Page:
Many councils could still face claims for higher fees from care home providers
- Councils continue to pay average fees to care providers that are lower than the cost of providing care
- Fee gaps vary, but many are over £150 per week
- Inflationary pressure could widen the gap in 2024/25
The latest edition of LaingBuisson’s Care Costs Benchmarks model reveals continuing gaps between the costs of care homes for older people and what councils actually pay. This is despite progress by many councils in reducing fee gaps during and after the Covid-19 pandemic.
Most local authorities pay less than care home costs, although the exact amount varies by area. In Birmingham City, for example, which effectively declared itself bankrupt earlier this year, the 2023/24 fee shortfall is £177 per week for general nursing care to £208 per week for residential care of older people with dementia.
There are a few local authorities that are actually paying more, with the London Borough of Richmond Upon Thames actually pays £152 per week more than the established cost of care for general residential care(1).
Beleaguered councils like Birmingham City and others at risk of bankruptcy, could face their toughest financial challenges yet, as they begin preparing budgets for 2024 and beyond.
Inflationary pressures have changed the operating landscape for providers and local authority commissioners. In its latest Care Cost Benchmarks toolkit, LaingBuisson has drawn from existing local authority benchmarks(2) and projects these forward using relevant ONS price indices. As staffing is the main driver of care home costs, LaingBuisson has drawn from current (2023/24) data from its Care Home Benchmarking Service on staff pay rates and staffing intensity, to arrive at robust and up-to-date staffing costs.
William Laing, Founder and Executive Chairman of LaingBuisson, said:
“Care home providers put a huge amount of effort into submitting returns for the national, DHSC-mandated, Fair Cost of Care (FCoC) exercise carried out in 2022. It would be hugely disappointing if that effort was to then be wasted. At the same time, the fact is that FCoC results published by English councils were at April 2022 prices and these are now out of date, particularly driven by the highest inflation rates the country has seen for several decades.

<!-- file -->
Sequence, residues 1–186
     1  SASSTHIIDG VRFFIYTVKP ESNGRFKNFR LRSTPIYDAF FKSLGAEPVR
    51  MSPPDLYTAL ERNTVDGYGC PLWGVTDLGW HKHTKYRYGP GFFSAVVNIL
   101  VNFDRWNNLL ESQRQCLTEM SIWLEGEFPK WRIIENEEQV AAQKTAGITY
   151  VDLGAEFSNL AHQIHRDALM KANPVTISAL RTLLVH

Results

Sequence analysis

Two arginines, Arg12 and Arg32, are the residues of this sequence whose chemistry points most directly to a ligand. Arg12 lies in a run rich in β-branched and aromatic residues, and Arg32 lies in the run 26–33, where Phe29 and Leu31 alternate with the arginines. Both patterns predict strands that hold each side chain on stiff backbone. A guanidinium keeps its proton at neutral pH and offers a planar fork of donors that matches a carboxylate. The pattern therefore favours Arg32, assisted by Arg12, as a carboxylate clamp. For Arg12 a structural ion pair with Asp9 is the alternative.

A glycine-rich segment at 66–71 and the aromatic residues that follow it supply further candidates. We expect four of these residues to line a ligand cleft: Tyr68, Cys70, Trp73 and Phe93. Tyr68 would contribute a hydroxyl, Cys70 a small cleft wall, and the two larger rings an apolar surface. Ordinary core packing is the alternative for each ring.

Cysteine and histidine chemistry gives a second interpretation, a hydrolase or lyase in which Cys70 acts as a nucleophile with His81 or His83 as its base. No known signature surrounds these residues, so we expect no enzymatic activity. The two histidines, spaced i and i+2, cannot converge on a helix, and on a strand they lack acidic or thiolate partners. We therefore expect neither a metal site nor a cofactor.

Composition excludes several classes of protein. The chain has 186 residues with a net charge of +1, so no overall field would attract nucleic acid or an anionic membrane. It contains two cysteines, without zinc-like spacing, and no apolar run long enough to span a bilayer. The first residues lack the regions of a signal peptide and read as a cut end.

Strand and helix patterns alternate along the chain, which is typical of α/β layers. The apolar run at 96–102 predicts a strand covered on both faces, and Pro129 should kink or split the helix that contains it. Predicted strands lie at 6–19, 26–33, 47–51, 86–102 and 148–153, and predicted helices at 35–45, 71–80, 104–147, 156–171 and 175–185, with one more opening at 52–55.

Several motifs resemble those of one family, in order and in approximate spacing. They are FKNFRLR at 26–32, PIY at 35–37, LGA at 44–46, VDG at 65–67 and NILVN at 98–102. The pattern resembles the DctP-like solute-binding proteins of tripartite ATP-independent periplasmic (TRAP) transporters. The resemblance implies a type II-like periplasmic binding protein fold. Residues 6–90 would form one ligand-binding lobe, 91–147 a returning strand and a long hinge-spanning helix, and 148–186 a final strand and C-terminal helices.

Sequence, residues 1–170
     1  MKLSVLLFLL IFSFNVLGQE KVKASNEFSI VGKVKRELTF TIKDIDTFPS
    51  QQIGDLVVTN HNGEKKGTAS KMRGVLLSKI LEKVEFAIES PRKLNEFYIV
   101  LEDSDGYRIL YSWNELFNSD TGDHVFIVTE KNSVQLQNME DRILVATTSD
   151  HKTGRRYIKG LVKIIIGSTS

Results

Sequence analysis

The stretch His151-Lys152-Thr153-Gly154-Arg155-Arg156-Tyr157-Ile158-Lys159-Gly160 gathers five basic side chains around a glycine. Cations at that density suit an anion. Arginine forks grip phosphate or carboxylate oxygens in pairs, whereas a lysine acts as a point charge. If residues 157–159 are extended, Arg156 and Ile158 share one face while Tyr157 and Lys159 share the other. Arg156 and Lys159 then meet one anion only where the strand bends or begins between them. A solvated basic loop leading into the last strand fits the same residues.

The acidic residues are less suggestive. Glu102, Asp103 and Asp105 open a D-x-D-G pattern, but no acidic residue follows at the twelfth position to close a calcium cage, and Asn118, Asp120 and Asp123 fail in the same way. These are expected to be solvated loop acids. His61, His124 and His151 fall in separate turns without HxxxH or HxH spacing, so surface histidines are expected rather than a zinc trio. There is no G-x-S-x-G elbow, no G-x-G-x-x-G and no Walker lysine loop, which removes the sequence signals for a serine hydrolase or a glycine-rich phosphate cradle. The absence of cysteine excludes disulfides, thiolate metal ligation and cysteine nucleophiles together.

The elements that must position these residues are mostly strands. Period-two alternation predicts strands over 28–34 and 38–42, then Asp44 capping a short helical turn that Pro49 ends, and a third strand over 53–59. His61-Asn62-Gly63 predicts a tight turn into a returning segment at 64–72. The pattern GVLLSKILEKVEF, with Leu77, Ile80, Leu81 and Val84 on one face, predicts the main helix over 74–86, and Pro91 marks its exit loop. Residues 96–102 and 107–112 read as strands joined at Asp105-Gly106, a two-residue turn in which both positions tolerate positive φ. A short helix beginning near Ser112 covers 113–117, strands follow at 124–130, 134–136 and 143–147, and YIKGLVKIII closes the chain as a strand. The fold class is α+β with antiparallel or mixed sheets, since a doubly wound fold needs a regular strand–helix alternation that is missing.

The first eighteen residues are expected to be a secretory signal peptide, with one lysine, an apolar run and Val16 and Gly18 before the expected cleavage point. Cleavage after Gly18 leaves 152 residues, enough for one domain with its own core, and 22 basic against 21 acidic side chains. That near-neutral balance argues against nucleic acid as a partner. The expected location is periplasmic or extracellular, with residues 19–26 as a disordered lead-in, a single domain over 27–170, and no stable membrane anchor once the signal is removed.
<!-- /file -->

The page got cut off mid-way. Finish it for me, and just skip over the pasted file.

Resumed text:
“LaingBuisson’s solution in the Care Cost Benchmarks toolkit, is to project non-staff operating costs from the FCoC results using relevant ONS price indices and to draw current (2023/24) data from its Care Home Benchmarking Service on staff pay rates and staffing intensity, to arrive at robust and up-to-date staff costs, which represent the main driver of care home costs overall.
“In the interests of compatibility, we have adopted the same cost reporting format as used in councils’ FCoC results. Our intention is to assist both providers and commissioners in their negotiations by narrowing areas of dispute and enabling both parties to flex each cost line using the interactive capabilities of the Care Cost Benchmarks toolkit.”
Notes to Editors
(1) LaingBuisson notes that government’s collection of council paid fee rates in 2023/24 is provisional. There may be differences in how local authorities report against set methodological criteria and may not always reflect a completely accurate picture of the locally paid rate of care.
(2) The Care Cost Benchmarks model draws from a range of sources. For payroll costs, the biggest single cost line, it draws close to real-time data for 2023/24 from LaingBuisson’s Care Home Benchmarking Service. Other sources include financial reports published by 153 local authorities with adult social services responsibilities that were produced following the Department of Health and Social Care funded the ‘Fair Cost of Care’ for older people’s care homes that took place in 2022. LaingBuisson has taken the non-staff operating costs from these council reports and projected them forward with relevant ONS price indices.